Pettys is running on a city planning
platform which reflects his total lack
of understanding of city government.
-MARK LEVIN
Editor
-MARTIN HIRSCHMAN
-DAVID SPURR
-DANIEL ZWERDLING

Theo
By RON LANDSMAN
MEETING failure on every side,
the anti-war movement con-
tinues to search for some accept-
able alternative "within the sys-
tem." Respectable liberals and
non-violent radicals continue to
try to end what has become, some-
what poetically, their agony. And
they want to do so without chal-
lenging the institutions that
compromise their society.
The possible alternatives are
frighteningly limited. They can,
in fact, be counted on one hand.
Dissenters may pressure Congress
and Congress may pressure the
executive; they can use electoral
means by repudiating the present
involvement in Vietnam in the
next election; or protesters can
try judicial means by seeking a
favorable ruling on war dissent
from the Supreme Court.
The judicial route, however, is
probably doomed to failure. The
Supreme Court has restrictions on
the cases that it hears-restric-
tions of both tradition and Con-
stitutional dictate.
The Court largely deals in areas
which it has "expertise" or which
have a "Constitutional handle."
The Supreme Court, in the past,
has assiduously avoided the mo-
ral questions and issues that ne-
cessitate a "policy decision."
The most common "Constitu-
tional handles" are free speech
and o t h e r First Amendment
rights, and racial discrimination
and other minority rights and
protections. But even where "Con-
stitutional handles" are available
they may be ignored during
times of national emergency.
"EXPERTISE" centers on what
the justices themselves are most
practiced in - courtroom proced-
ures and techniques. The tradi-
tional court function, that of pro-
tecting citizens from violations of
Constitutional guarantees such as
self - incrimination and d o u b I e
jeopardy, makes up the extent of
"expertise" cases.
But the overlying factor af-
fecting all court action is tradi-
tion. Once the Court establishes
a history of decisions in a parti-
cular area, later Courts do not
hesitate to consider 'that area
within their domain.
The draft and the war unfor-
tunately fall outside the tradi-
tional domain of the Court, some-
times in a very adverse manner.

urt: o
The Court has hardly dealt with
cases of dissent against the Viet-
nam involvement.
A decision on Vietnam dissent
would enter the vague category of
"policy." The Court does not now,
nor has it ever intended to act as
arbiter of policies that other
wings of government have formu-
lated and executed according to
their Constitutional prerogatives.
Rather, the Court's concern is
protecting society from uncon-
stitutional excursions of the gov-
ernment. There are two common
cases where the Court avoids
"policy" - in the economic and
military spheres. Only with some
"Constitutional handle" will the
court venture opinion.
IN ECONOMIC policy, the
Court is docile so long as admin-
istrative agencies act "reasonably."
rIf their policies or actions ever
threaten, discrimination or inva-
sion of personal or property
rights, for example, the Court
would be tempted to intervene if
a case were brought before it. But
the Court would not decide on the
correctness of the policy itself.
The Court also avoids delving
into military policy- especially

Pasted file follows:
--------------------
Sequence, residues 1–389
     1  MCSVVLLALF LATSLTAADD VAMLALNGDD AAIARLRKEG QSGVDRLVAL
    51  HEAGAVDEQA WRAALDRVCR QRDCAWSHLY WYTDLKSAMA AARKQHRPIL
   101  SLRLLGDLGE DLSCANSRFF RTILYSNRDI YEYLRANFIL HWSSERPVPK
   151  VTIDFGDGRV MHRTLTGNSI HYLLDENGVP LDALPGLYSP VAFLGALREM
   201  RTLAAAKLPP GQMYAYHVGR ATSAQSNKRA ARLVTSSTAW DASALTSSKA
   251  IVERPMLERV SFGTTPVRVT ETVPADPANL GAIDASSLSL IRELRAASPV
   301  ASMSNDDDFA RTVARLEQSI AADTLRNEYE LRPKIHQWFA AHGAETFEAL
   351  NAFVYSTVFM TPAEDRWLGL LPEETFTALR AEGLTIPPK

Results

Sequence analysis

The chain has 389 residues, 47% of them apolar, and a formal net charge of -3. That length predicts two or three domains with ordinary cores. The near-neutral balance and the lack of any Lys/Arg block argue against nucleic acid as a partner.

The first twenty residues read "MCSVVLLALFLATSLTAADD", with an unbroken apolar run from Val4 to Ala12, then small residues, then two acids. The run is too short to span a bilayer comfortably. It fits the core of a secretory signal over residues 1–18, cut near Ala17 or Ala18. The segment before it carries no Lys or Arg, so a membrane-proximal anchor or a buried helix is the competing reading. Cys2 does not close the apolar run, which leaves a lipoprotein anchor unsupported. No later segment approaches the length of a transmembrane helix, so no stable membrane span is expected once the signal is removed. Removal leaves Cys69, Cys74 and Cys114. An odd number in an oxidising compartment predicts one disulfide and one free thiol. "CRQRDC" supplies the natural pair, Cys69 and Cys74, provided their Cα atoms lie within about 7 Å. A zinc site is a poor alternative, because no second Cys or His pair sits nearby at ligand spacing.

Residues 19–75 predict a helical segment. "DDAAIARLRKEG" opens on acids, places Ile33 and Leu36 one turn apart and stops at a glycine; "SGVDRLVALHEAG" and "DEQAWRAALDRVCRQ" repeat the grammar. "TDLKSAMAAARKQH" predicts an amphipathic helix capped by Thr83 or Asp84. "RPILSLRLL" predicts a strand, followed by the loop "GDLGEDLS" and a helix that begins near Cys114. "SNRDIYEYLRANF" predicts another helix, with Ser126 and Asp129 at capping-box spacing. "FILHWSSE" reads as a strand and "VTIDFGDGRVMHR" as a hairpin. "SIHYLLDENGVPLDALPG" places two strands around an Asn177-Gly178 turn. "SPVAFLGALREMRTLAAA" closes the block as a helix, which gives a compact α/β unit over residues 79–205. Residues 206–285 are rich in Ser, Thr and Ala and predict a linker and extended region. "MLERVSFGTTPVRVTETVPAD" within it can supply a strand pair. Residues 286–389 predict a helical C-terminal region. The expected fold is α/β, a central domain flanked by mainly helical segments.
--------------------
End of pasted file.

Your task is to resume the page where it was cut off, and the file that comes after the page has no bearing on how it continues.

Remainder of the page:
citizens - within specified areas
and limit their movement by cur-
few, The Court - including its
most "liberal" members - upheld
the military's actions on the
grounds that national security was
at stake.
Even after the emergency had
passed, the Court failed to offer
remedy. In the Yale Law Journal
in 1954, then Yale law professor
Eugene V. Rostow lambasted the
treatment of the Nisei as "hasty,
unnecessary, and mistaken.
"If the Court has stepped for-
ward in bold heart to vindicate
the law and declare the entire
program illegal, the episode would
have passed over as a national
scandal," Rostow said, "but a
temporary one altogether capable
of reparation. But the Court, after
timid and evasive delays, has now
upheld the main features of the
program.
"That step converts a piece of
war-time folly into a political
doctrine and a permanent part of
the law," he added.
Rostow also noted that the
Court, while avoiding overruling
the government on a war policy
issue, "weakened society's control
over military authority."
Nonetheless, the rules stand.
The Court also is bound by cer-
tain "institutional rules" as to
what cases it will take. One such
rule relevant for the Vietnam dis-
senters maintains that the Court
prefer hearing the case in which
the party is "the most adverse
case, with the most direct con-
flict."
Thus, the justices would con-
sider the case of the soldier or-
dered to serve before it would take
the more abstract arguments of a
protester unaffected personally by
the war-like those who refuse to
pay taxes because the money sup-
ports the war effort.
UP TO NOW, nonetheless. at-
tempts to get any anti-war deci-
sions have failed. The most fam-
ouse' case, involving one of the
"Fort Hood Three," Mora vs. Mc-
Namara, denied the petition for
a writ of certiorari by the Court.
One similar case-Capt. Howard
Levy-was also denied certiorari.
The Supreme Court is not re- .
quired to hear every case appeal-
ed to it, but hears them at its
own discretion. The writ of cert-
iorari is the request for a granting
of an appeal proceedings, and a

denial ends the judicial life of
the case.
The decision to "deny cert." in
the Mora case was not unanimous.
In what may eventually become
important statements Justices Pot-
ter Stewart and William 0. Doug-
las dissented, issuing separate
opinions.
Stewart writes, "There exist in
this case questions of great magn-
itude." He raises four major is-
sues:
-Is U.S. military activity in
Vietnam Constitutionally a war?

Audience

for

Dissent